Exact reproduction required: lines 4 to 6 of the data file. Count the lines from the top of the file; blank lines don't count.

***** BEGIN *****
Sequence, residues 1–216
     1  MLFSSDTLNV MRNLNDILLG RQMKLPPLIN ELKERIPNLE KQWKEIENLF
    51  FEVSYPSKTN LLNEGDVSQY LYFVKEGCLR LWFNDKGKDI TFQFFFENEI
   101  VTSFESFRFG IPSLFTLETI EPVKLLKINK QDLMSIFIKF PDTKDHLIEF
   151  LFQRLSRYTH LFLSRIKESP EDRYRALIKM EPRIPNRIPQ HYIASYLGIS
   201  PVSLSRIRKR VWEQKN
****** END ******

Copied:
   101  VTSFESFRFG IPSLFTLETI EPVKLLKINK QDLMSIFIKF PDTKDHLIEF
   151  LFQRLSRYTH LFLSRIKESP EDRYRALIKM EPRIPNRIPQ HYIASYLGIS
   201  PVSLSRIRKR VWEQKN